Shifting your thinking about the purpose and design of presentation slides and using the processes and tips provided is not rocket science, but pulling everything together will require careful thought and planning. The following examples show many of the elements discussed here in action. These are presentations created by real undergraduate students. They are not perfect cases, but they offer creative, real-life solutions to the same challenges you will face in implementing this new style of PowerPoint construction.

Powerpoint sample #1

Powerpoint sample #2


In addition to the strategy discussed in this article, students creating formal presentations using presentation software should study principles of good visual design. Also, study of graphic design tools for creating visual images would benefit students who need to present technical information frequently. This article certainly does not encompass everything you need to know about using PowerPoint effectively, but implementing the strategies advocated should dramatically improve your presentations.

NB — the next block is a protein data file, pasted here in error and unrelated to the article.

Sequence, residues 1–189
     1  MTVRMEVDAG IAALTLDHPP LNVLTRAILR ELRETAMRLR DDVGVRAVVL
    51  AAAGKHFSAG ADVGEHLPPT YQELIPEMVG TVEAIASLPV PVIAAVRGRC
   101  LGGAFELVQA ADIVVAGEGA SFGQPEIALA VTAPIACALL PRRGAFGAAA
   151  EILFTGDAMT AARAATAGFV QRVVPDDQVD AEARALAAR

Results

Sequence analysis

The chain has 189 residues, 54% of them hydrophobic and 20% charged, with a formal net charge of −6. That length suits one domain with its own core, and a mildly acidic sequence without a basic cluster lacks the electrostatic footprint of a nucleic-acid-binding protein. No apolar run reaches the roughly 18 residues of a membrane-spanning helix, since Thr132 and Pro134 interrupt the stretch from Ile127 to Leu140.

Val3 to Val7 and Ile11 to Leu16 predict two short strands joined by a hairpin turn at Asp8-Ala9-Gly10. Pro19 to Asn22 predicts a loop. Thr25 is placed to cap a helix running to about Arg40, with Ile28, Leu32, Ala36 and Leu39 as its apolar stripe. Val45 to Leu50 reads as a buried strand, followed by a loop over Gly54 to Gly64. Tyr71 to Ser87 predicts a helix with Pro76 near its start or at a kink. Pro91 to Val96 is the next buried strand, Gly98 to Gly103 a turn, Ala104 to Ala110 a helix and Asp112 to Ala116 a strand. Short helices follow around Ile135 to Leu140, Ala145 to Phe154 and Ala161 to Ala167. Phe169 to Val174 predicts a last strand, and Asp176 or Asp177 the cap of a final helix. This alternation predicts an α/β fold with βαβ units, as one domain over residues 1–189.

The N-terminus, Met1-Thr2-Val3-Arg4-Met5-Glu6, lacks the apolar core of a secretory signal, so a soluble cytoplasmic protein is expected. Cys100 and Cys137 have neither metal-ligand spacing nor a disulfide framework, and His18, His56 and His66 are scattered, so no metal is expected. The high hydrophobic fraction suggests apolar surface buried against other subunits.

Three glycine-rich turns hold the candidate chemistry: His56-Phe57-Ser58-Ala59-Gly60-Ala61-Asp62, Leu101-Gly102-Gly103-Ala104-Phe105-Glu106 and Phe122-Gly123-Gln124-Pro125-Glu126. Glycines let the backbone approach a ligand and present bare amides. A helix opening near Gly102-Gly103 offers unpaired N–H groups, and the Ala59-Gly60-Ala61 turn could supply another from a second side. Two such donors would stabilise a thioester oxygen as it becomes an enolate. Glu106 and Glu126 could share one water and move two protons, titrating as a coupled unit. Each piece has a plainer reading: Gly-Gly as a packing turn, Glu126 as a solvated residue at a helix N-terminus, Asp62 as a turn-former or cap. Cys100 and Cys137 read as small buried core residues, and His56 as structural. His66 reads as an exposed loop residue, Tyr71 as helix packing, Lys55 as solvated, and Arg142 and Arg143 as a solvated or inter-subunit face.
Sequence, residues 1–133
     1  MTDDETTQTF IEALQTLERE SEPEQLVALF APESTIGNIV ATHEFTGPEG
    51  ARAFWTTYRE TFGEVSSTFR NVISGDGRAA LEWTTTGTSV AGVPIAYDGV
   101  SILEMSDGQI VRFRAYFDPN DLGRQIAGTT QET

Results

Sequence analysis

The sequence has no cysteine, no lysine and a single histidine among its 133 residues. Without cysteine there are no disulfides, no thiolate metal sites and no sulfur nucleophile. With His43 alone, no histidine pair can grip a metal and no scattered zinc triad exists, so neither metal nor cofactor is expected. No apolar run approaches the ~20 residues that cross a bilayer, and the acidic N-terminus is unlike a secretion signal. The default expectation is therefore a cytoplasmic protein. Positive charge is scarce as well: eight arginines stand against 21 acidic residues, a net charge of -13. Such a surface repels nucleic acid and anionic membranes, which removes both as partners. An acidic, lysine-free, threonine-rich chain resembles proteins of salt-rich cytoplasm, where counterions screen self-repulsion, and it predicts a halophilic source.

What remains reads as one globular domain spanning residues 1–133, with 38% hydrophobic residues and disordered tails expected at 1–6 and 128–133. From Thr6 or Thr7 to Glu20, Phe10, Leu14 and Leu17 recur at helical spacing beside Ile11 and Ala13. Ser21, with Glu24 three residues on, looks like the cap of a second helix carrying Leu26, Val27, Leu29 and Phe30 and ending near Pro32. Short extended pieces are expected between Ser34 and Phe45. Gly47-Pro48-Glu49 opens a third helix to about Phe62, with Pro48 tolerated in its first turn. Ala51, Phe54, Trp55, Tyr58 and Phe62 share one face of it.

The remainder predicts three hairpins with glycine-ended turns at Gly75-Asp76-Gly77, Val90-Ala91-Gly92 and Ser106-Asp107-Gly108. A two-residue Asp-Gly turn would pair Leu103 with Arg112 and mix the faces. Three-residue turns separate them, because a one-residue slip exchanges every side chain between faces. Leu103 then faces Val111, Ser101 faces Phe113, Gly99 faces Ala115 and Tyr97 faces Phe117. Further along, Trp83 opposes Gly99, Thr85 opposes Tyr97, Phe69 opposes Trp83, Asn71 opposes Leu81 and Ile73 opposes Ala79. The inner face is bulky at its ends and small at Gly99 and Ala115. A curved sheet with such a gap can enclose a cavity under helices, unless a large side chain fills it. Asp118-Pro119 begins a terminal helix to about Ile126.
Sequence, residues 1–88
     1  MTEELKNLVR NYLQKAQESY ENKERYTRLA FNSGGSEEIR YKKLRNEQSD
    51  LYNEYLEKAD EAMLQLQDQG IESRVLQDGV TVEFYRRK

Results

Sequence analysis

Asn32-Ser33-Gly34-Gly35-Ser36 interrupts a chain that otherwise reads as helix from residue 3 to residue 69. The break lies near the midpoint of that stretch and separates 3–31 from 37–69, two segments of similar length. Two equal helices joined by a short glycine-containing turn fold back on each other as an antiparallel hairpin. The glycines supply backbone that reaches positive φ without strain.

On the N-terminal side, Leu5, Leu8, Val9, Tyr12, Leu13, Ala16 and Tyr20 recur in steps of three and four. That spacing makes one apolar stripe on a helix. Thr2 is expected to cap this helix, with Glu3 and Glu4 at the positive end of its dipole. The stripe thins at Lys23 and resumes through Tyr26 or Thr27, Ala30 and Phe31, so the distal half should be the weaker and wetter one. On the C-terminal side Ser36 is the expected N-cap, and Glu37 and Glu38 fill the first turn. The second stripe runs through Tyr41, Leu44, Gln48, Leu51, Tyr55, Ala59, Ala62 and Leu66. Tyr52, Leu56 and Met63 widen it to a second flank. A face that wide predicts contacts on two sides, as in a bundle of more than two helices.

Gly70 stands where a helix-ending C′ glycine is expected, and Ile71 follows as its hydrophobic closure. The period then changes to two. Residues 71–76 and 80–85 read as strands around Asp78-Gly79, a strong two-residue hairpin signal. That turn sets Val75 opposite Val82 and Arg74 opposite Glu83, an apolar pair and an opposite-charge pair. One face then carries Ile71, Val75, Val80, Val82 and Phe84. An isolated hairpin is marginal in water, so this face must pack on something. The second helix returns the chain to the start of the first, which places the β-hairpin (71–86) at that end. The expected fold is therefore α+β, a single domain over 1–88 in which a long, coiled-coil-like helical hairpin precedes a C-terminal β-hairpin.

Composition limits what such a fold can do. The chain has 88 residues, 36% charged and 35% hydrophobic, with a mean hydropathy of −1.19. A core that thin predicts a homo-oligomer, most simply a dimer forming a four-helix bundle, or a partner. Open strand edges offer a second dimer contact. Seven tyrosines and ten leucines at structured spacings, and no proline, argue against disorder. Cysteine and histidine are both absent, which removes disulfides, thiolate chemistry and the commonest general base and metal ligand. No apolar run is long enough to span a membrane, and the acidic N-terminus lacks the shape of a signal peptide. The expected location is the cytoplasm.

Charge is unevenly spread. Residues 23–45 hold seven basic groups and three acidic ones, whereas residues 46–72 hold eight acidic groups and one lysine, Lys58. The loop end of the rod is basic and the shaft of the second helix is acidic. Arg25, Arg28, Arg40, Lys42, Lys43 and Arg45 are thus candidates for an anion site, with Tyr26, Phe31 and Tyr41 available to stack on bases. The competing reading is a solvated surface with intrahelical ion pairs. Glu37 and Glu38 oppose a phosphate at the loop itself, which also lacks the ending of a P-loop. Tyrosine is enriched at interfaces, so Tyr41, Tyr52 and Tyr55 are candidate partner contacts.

Alley, M., & Neeley, K. A. (November 2005). Rethinking the design of presentation slides: A case for sentence headlines and visual evidence. Technical Communication, 4(52), 417-426.

Horvath, J. C., & Lodge, J. M. (2015, June 26). It’s not PowerPoint’s fault, you’re just using it wrong. Retrieved February 5, 2016, from https://theconversation.com/its-not-powerpoints-fault-youre-just-using-it-wrong-43783

Markel, M. (May 2009). Exploiting verbal–visual synergy in presentation slides. Technical Communication, 56(2), 122-131.

Reynolds, G. (2012). Presentation Zen: Simple ideas on presentation design and delivery. Berkeley, CA: New Riders Pub.

Sorensen, B. M. (2015, April 29). Let’s ban PowerPoint in lectures – it makes students more stupid and professors more boring. Retrieved February 5, 2016, from https://theconversation.com/lets-ban-powerpoint-in-lectures-it-makes-students-more-stupid-and-professors-more-boring-36183.